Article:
Oriya, also known as Odia, is a language that is spoken primarily in East Indian state Odisha, but is spoken by more than 37 million people in India and other parts of the world. It is considered a classical language in India that means that it has a long literary history and has not borrowed in large numbers from other languages. As far as names are concerned, there are a fair amount of overlap with neighboring Indian languages , particularly those from Indo-Aryan. Of course, this is not the case for all names.
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The people of Oriya (also called Oriya) belong to the Indo-European speaking group of Indians. The most popular ethnic group among the Orotian group is the Oriya (or Orotians) who reside mainly in West Bengal, Assam, Manipur, Mizoram and Tripura. In India the term "Orotian" refers to both the Orotian peoples as well as the region in which they live. The Oriya are the predominant ethnic group in the east state of Orissa (the westernmost Indian state).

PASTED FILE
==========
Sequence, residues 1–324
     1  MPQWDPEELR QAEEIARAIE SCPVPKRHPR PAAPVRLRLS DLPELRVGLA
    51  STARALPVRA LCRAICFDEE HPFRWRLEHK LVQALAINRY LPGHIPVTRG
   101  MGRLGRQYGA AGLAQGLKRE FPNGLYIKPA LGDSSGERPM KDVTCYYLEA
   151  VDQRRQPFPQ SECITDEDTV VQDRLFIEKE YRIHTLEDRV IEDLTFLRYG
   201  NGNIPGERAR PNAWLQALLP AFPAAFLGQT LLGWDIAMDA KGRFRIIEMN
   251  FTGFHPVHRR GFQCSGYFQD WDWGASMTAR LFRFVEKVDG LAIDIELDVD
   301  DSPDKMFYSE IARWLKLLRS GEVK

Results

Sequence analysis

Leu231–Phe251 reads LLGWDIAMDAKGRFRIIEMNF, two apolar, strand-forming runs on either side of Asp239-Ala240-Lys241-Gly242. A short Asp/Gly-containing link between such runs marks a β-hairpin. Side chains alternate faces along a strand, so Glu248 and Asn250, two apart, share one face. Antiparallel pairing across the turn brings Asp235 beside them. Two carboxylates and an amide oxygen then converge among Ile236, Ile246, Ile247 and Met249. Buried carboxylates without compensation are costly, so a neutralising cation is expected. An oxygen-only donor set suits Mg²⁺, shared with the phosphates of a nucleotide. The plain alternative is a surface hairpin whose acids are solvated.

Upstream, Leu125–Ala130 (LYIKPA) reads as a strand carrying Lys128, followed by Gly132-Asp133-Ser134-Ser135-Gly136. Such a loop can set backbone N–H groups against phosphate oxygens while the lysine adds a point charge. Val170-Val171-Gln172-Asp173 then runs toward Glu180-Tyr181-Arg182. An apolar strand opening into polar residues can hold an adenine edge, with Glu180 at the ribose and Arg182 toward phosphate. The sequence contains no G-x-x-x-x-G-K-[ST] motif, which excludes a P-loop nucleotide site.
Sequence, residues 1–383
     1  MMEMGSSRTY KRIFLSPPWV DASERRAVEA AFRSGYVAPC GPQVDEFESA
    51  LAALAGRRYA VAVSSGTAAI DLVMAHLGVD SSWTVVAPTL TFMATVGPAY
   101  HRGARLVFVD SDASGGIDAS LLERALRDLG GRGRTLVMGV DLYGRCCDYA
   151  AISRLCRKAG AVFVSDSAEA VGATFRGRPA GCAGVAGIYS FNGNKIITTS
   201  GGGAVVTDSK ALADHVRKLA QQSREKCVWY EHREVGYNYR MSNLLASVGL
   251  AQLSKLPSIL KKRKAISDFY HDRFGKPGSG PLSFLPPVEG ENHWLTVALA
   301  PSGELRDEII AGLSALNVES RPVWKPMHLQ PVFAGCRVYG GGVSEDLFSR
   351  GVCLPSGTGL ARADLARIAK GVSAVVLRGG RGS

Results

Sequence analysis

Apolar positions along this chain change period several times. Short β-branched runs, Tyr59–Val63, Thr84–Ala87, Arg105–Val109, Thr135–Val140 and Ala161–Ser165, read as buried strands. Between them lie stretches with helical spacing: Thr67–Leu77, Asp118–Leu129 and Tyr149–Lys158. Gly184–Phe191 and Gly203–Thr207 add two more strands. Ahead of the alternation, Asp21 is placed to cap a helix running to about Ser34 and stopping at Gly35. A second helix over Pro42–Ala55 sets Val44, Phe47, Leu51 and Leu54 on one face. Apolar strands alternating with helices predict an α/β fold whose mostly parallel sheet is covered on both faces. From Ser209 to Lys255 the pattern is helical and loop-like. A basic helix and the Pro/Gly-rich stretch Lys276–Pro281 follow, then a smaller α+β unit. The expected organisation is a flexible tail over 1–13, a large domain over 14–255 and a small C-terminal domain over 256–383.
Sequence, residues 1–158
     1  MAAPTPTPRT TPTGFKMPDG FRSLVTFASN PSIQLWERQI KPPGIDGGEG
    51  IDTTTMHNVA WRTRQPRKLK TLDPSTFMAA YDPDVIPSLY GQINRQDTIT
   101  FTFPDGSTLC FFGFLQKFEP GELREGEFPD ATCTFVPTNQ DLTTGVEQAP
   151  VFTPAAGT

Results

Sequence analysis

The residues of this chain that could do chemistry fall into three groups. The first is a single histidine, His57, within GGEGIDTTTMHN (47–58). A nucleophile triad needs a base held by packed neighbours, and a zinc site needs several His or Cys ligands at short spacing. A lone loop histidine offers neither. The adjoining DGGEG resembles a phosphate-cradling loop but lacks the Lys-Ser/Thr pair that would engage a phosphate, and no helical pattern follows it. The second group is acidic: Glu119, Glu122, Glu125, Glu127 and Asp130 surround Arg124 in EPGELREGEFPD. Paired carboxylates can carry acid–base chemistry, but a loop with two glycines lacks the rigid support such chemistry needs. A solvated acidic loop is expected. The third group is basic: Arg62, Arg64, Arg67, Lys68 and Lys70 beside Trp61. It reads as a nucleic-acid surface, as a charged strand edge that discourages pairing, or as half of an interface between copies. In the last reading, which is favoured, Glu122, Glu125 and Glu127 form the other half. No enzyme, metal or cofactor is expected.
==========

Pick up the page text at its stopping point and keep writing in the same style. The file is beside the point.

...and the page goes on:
The most prominent ethnic group in the Orissa state are the Orotian (or Udanbari Orotia). The Udanbari Orotia is identified by their red eyes and yellow hair and are considered to be the original inhabitants of the land. They are considered to be a Turkic-speaking group. The state of Assam is home to several ethnic groups who identify themselves as Udanbari Orotians, but their exact origins are unknown. It is also believed that the land of the Orotians can be traced back to India's Central Plain.
Other members of the Udanbari Orotia include the Orissa Pradesh Group. The other members of the Orotian group identified as such include the Kansa (Kansai), Gondola, Chilika, Marathi (Mandari), Pahari, Bodo and Nalbari. Some of the Orotian tribes that live in Assam include the Khotla tribe, the Lumba tribe, the Kamdudha tribe, the Dandia tribe and the Kumbar tribe. Some of these groups still live in the present day state of Assam.